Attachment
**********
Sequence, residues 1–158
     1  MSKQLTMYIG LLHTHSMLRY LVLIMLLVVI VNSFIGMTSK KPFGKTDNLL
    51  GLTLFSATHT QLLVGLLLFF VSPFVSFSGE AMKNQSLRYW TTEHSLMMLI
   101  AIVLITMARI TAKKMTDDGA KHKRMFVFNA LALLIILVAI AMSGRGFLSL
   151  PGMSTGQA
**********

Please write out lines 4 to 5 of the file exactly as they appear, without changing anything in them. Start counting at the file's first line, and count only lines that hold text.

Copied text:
   101  AIVLITMARI TAKKMTDDGA KHKRMFVFNA LALLIILVAI AMSGRGFLSL
   151  PGMSTGQA